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What is waiting for the Telegram about and how does it work as a drama?

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What is waiting for the Telegram about and how does it work as a drama? Alan Bennett's 'Waiting for the Telegram' consists of just one character talking to an audience in this monologue. Violet is in her nineties and living in a nursing home, it is about her character now and how she is treated and her past life containing death, regret and life choices. In this essay, I will analyse the monologue on what it is about and how it works as a drama. In the monologue, through stories and actions, the author shows the grim reality of growing old. This is evident when Violet sees her legs '"Them's never my legs"' Alan Bennett is trying to demonstrate to us that older people do not realise how extensively they change physically and that they end up having everything done for them. However they still feel the same emotionally, as under the surface we come to realise that Violet feels love towards Francis, 'It made you want to... (She mimes a kiss)...do that, whatever it's called.' Therefore, Alan Bennett tries to get us to realise that we do not expect older people to feel love. ...read more.


He writes about how death can affect us all whatever age we are. In the 'rest home', the aged are treated with little respect, this is revealed in Violet's reaction when she realises Francis was gay 'She said, "It wasn't lasses; it was lads." I said, I knew it was lads. She said, "Well I wish you'd told me." Right nasty.' The writer is trying to show us that elderly should be treated with respect- through the way Violet receives the comment from Devon. We see she was hurt and that even the smallest comment can make anybody sensitive. What's more, human freedom is taken away in the 'rest home', like they have to share clothes '"...And this frock isn't mine. Tangerine doesn't suit me."' Violet's daily routine consisted of sitting, sleeping and occasionally she had someone to talk to, she says 'Pets is what they want in this place' this is presenting that people do not actually want to talk to those living in the rest home, they just want something that is easy to look after. Violet's lifestyle is shown in the performance by a realistic setting, it being just a small confined space with a bed and four walls. ...read more.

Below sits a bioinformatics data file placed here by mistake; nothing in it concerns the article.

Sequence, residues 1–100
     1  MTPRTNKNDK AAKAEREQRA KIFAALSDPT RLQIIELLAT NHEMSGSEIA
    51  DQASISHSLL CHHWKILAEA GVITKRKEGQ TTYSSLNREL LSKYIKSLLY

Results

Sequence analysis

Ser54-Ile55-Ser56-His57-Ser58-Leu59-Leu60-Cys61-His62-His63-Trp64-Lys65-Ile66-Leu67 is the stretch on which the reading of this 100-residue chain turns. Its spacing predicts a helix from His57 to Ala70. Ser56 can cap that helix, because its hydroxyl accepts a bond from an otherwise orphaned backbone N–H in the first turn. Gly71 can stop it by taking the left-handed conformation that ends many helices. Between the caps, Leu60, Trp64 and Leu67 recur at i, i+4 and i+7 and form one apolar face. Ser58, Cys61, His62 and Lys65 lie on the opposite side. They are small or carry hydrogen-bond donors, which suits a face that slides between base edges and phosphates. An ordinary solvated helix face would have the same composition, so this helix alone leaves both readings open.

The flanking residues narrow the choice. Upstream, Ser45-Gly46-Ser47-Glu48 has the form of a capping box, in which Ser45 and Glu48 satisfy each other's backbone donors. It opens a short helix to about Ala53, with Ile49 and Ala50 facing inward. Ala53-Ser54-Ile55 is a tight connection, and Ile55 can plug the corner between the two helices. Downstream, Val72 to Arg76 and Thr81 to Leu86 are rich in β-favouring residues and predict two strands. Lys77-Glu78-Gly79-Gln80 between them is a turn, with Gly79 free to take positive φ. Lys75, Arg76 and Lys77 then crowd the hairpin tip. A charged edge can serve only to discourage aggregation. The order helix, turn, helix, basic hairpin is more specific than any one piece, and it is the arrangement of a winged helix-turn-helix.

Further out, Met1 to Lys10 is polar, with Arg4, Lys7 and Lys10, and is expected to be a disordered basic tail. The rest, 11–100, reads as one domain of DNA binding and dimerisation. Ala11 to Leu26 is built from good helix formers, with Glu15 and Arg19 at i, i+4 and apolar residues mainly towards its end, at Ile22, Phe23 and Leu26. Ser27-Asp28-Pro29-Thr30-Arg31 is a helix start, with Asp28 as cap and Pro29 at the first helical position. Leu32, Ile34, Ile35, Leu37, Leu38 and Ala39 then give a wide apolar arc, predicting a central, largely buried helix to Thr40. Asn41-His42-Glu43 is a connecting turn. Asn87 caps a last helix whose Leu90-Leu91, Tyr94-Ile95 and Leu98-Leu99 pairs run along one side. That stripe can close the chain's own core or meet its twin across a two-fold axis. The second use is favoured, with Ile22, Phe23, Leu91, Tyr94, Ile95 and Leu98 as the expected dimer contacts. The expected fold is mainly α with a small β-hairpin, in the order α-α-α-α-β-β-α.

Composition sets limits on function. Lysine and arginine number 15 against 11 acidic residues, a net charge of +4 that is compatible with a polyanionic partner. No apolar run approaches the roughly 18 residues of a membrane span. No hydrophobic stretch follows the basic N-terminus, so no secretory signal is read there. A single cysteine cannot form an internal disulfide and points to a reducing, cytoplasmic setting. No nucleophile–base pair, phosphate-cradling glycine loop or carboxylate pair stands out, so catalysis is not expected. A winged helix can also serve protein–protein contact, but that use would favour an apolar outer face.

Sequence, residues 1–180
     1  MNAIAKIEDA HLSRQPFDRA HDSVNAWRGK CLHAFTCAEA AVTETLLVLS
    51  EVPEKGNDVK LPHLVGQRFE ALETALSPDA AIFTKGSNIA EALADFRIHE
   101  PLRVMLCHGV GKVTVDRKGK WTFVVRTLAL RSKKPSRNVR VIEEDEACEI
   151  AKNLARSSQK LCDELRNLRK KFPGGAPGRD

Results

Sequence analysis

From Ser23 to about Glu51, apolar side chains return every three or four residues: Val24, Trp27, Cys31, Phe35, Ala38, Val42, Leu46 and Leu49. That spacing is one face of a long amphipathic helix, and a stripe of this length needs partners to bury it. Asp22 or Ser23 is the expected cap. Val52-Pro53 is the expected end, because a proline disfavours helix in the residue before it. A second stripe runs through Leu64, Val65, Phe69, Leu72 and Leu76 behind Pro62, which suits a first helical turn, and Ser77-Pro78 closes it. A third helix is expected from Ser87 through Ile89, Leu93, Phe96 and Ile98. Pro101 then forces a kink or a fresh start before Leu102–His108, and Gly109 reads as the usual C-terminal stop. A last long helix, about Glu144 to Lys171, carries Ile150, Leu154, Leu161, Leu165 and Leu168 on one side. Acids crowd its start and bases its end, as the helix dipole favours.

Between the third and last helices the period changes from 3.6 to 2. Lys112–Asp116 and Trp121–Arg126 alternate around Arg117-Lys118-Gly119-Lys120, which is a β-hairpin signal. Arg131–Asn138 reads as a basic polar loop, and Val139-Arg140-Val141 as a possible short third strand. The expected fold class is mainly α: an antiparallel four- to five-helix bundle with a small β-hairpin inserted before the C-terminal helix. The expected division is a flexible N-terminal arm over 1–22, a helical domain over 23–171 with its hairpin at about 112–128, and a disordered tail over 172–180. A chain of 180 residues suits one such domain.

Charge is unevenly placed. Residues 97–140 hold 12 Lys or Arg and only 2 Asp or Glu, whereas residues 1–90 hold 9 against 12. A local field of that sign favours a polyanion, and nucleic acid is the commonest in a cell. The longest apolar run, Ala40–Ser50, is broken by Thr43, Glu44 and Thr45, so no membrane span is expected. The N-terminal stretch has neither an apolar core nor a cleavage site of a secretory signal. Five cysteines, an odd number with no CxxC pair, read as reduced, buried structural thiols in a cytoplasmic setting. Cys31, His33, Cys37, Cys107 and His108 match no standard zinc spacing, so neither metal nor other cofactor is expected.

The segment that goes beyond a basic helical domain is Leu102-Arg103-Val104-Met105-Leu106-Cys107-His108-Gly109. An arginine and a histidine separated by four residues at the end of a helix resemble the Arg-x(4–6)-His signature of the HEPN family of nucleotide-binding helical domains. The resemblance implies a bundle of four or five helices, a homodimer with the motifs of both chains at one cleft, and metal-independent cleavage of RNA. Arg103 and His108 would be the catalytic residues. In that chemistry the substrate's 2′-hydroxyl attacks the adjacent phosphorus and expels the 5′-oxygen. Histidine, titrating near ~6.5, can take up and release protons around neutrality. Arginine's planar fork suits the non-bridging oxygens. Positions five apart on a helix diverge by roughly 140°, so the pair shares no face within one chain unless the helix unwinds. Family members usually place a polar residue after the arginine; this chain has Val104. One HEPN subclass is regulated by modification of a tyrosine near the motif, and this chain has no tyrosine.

She said, "Armley." I said, "Armley where?" She said, "My mam and dad's in 1947." We realise that Rene wants to leave, and by the end her taxi came and took her. On television it can fade, this is dramatic and shows the days passing and death slowly creeping upon her. A face is one of the strongest emotional elements, it can show you anything and Violet's face constantly has emotion upon it. Dramatic devices are used like piano music and fading to show the days are passing by and each day there seems to be another story to tell us. The monologue consisted of emotion and in my opinion worked well as a drama; we can see the emotion through facial expressions and actions. Alan Bennett develops Violet as an elderly woman whose life comes across due to Violet individually speaking, nobody is made to correct her or interrupt her. We can see clearly what the monologue is about because the writer makes Violet realistic and paints an image. 'Waiting for the Telegram' is about an elderly woman's world and how the character feels about death, love, regret and old age. Alan Bennett taught me through his writing that this generation do not respect the older generations as much as they should because they still hold exactly the same feelings as us. ...read more.

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